Court/Judicial body: European Court of Human Rights
Date: January 22, 2008 CRC
Provisions: Article 3: Best interests of the child Article 4: Implementation of rights Article 5: Parental guidance and the child’s evolving capacities Article 20: Protection of a child without family Article 21: Adoption
Other international provisions:European Convention on Human Rights ( Article 8: Right to respect for private and family life; Article 14: Prohibition of discrimination) Draft European Convention on the Adoption of Children ( Article 7: Conditions for adoption)Hague Convention on Protection of Children and Co-operation in Respect of Intercountry Adoption (Articles 5, 15: Receiving State’s responsibilities re: conditions for international adoption)
Domestic provisions: Civil Code ( Article 343: Requisites for Adoption by a Married Couple; Article 343-1: Requisites for Adoption by a Single Person) Family and Social Welfare Code ( Article 63: Rights to Custody; Article 100-3: Conditions for Adopting a Foreign Child) Decree 97-771 of September 1, 1998 (Articles 1, 4, 5: Conditions for Adoption)
Background:On February 26, 1998, 37-year-old E.B., a French nursery school teacher, submitted an application for the authorisation to adopt a child. At the time of her application, E.B. acknowledged that her same-sex partner of 8 years, Ms. R, would not be party to the adoption and did not feel committed to it. Upon review, the adoption board made a recommendation that E.B.’s application be rejected, citing Ms. R’s noncommittal behavior and concerns around the lack of a paternal figure in the household. E.B. subsequently and successfully appealed in an administrative court, but this decision was overturned by a court of appeal, which opined that the rejection by the adoption board had not been based on the applicant’s choice of lifestyle. In June 2002, the Conseil d’Etat dismissed her appeal, and in December of that year E.B. submitted an application to the European Court of Human Rights.
Issue and resolution: Adoption and discrimination. The Court determined that France had unlawfully discriminated against E.B. in denying her application for authorisation to adopt.
Court reasoning: The Court acknowledged that there was no right under domestic law or the Convention to found a family or to adopt, nor was there such a right enshrined in any of the other relevant international instruments, such as the Convention on the Rights of the Child or the Hague Convention of 29 May 1993 on the Protection of Children and Co-operation in Respect of International Adoption. But, once a country had established a right and allowed for adoptive proceedings, it could not discriminate against potential parents. In this particular case, the French government had made it possible for single individuals to adopt, and hence could not refuse authorisation on the grounds that the child would not have a paternal figure given the nature of E.B.’s same-sex relationship. Dissent:E.B.’s partner’s indifference regarding the adoption was a valid reason for denying E.B.’s application, and concerns about her homosexuality were not necessarily unfounded and did not “contaminate” the decision to do so. Furthermore, adoption must be viewed as a “privilege” and not a “right”, and hence does not implicate the European Convention.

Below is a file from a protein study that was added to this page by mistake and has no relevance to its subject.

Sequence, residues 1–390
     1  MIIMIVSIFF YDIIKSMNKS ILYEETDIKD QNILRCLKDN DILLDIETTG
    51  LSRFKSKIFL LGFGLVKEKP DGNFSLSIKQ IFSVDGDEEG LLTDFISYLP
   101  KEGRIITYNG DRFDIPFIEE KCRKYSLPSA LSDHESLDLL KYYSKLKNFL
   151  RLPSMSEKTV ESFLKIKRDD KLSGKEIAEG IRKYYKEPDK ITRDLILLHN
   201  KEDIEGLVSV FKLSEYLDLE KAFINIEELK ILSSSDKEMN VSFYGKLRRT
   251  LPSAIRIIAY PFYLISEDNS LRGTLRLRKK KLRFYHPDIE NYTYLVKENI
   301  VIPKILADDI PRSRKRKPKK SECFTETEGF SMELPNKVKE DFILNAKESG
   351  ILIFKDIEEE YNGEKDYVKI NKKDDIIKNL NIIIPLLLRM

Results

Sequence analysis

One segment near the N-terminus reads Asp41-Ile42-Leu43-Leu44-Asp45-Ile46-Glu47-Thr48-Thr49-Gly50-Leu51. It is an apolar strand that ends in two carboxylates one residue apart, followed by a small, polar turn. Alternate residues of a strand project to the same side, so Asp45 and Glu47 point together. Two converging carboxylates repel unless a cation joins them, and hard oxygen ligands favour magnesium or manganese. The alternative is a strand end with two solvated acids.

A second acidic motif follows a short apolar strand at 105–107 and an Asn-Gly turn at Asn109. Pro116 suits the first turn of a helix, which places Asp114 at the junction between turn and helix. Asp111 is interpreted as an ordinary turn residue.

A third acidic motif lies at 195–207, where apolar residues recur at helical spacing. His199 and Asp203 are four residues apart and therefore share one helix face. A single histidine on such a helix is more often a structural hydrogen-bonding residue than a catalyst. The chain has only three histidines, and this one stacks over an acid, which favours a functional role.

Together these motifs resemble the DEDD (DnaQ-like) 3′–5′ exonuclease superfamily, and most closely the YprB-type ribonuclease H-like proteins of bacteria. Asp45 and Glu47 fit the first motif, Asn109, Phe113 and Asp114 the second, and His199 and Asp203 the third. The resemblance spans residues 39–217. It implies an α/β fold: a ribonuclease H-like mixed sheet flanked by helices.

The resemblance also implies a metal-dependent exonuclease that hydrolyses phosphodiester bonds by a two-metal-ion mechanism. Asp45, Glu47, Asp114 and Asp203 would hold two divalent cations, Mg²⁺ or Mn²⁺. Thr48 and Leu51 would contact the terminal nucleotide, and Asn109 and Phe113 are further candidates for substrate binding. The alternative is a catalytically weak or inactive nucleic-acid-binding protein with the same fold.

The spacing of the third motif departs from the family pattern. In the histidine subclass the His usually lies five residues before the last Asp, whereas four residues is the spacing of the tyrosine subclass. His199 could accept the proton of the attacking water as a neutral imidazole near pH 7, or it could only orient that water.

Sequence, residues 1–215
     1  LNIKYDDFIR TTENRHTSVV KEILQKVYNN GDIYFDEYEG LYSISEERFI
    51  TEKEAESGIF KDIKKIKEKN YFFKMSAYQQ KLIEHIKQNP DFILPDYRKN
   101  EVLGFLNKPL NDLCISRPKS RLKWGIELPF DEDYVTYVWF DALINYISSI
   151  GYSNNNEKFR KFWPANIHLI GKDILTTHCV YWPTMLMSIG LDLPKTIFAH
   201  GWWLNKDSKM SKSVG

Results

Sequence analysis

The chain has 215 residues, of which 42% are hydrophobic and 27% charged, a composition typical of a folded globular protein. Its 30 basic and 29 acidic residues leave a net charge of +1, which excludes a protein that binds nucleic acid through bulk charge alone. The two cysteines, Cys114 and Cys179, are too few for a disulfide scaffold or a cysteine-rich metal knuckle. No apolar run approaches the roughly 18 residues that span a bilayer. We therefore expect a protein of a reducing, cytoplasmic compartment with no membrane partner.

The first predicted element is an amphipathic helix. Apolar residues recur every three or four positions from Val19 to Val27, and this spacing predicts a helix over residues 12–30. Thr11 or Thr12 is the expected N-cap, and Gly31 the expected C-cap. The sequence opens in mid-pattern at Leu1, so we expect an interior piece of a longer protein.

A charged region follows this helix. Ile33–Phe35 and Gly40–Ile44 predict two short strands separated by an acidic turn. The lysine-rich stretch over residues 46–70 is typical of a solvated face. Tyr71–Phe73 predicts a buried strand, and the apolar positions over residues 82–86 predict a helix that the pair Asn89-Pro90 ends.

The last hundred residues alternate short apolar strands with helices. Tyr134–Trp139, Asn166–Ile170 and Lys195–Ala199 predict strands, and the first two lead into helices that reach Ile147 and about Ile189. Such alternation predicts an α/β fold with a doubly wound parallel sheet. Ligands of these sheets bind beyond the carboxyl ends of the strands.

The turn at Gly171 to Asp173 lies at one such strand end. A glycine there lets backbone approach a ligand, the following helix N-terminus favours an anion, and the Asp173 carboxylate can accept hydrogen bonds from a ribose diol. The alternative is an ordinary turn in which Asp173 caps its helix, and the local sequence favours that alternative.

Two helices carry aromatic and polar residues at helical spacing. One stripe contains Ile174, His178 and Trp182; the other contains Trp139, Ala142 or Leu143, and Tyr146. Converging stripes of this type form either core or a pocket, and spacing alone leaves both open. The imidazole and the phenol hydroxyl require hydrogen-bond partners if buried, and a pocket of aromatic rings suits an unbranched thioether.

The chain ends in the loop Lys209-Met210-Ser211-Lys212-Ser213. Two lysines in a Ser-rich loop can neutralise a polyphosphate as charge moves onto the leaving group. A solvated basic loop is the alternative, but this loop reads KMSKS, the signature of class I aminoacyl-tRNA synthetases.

Excerpt citing CRC and other relevant human rights 30. The relevant provisions of the Convention on the Rights of the Child adopted by the General Assembly of the United Nations on November 20, 1989 and which came into force on September 2, 1990 read as follows: “ Article 3 1. In all actions concerning children, whether undertaken by public or private social welfare institutions, courts of law, administrative authorities or legislative bodies, the best interests of the child shall be a primary consideration. 2. States Parties undertake to ensure the child such protection and care as is necessary for his or her well-being, taking into account the rights and duties of his or her parents, legal guardians, or other individuals legally responsible for him or her, and, to this end, shall take all appropriate legislative and administrative measures. 3. States Parties shall ensure that the institutions, services and facilities responsible for the care or protection of children shall conform with the standards established by competent authorities, particularly in the areas of safety, health, in the number and suitability of their staff, as well as competent supervision. Article 4 States Parties shall undertake all appropriate legislative, administrative, and other measures for the implementation of the rights recognized in the present Convention. With regard to economic, social and cultural rights, States Parties shall undertake such measures to the maximum extent of their available resources and, where needed, within the framework of international co-operation. Article 5 States Parties shall respect the responsibilities, rights and duties of parents or, where applicable, the members of the extended family or community as provided for by local custom, legal guardians or other persons legally responsible for the child, to provide, in a manner consistent with the evolving capacities of the child, appropriate direction and guidance in the exercise by the child of the rights recognized in the present Convention. Article 20 1. A child temporarily or permanently deprived of his or her family environment, or in whose own best interests cannot be allowed to remain in that environment, shall be end to special protection and assistance provided by the State. 2. States Parties shall in accordance with their national laws ensure alternative care for such a child. 3. Such care could include, inter alia , foster placement, kafalah of Islamic law, adoption or if necessary placement in suitable institutions for the care of children. When considering solutions, due regard shall be paid to the desirability of continuity in a child’s upbringing and to the child’s ethnic, religious, cultural and linguistic background. Article 21 States Parties that recognize and/or permit the system of adoption shall ensure that the best interests of the child shall be the paramount consideration and they shall: (a) Ensure that the adoption of a child is authorized only by competent authorities who determine, in accordance with applicable law and procedures and on the basis of all pertinent and reliable information, that the adoption is permissible in view of the child’s status concerning parents, relatives and legal guardians and that, if required, the persons concerned have given their informed consent to the adoption on the basis of such counselling as may be necessary; (b) Recognize that inter-country adoption may be considered as an alternative means of child’s care, if the child cannot be placed in a foster or an adoptive family or cannot in any suitable manner be cared for in the child’s country of origin; (c) Ensure that the child concerned by inter-country adoption enjoys safeguards and standards equivalent to those existing in the case of national adoption; (d) Take all appropriate measures to ensure that, in inter-country adoption, the placement does not result in improper financial gain for those involved in it; (e) Promote, where appropriate, the objectives of the present Article by concluding bilateral or multilateral arrangements or agreements, and endeavour, within this framework, to ensure that the placement of the child in another country is carried out by competent authorities or organs.” … O-V15 Article 4 of Decree 98-771 of September 1, 1998 requires the president of the council for the relevant département to satisfy himself that the conditions in which an applicant is proposing to provide a child with a home meet the child’s needs from a family, child-rearing and psychological perspective. The importance of these safeguards— of which the authorities must be satisfied before authorising a person to adopt a child— can also be seen in the relevant international instruments, be it the United Nations Convention on the Rights of the Child of November 20, 1989 , the Hague Convention of May 29, 1993 or the draft European Convention on the Adoption of Children . … 42. Nor is a right to adopt provided for by domestic law or by other international instruments, such as the Convention on the Rights of the Child, adopted by the United Nations General Assembly on November 20, 1989, or the Hague Convention of May 29, 1993 on the Protection of Children and Co-operation in Respect of International Adoption. … 77. The Court notes, moreover, that Art.4 of the Decree of September 1, 1998 requires the president of the council for the relevant department to satisfy himself that the conditions in which the applicant is proposing to provide the child with a home meet the needs of an adopted child from a family, child-rearing and psychological perspective. The importance of these safeguards – of which the authorities must be satisfied before authorizing a person to adopt a child – can also be seen in the relevant international instruments, be it the United Nations Convention on the Rights of the Child of November 20, 1989, the Hague Convention of May 29, 1993 or the draft European Convention on the Adoption of Children. Notes: The State did not express views regarding the damages, costs, and expenses alleged by the applicant. Despite this, the Court maintained the State’s obligation to award the applicant EUR 10,000 in respect of non-pecuniary damages and EUR 14,528 for costs and expenses. However, the Court unanimously dismissed the remainder of the applicant’s claim for just satisfaction. CRIN Comments: CRIN believes that this decision is consistent with the CRC. While there is no right to adoption or to be adopted, States that provide for these arrangements should not be permitted to discriminate against applicants on the basis of their sexual orientation or other status. Rather, the focus of all adoptive proceedings should rest squarely with the best interests of the child as in line with Article 3 of the Convention. Citation: Case of E.B. v. France  ECHR 43546/02 (22 January 2008). Link to Full Judgment:http://hudoc.echr.coe.int/eng?i=001-84571 This case summary is provided by the Child Rights International Network for educational and informational purposes only and should not be construed as legal advice. Related European Convention for the Protection of Human Rights and Fundamental FreedomsHague Convention on Protection of Children and Co-operation in Respect of Intercountry Adoption Countries France CRIN does not accredit or validate any of the organisations listed in our directory. The views and activities of the listed organisations do not necessarily reflect the views or activities of CRIN’s coordination team.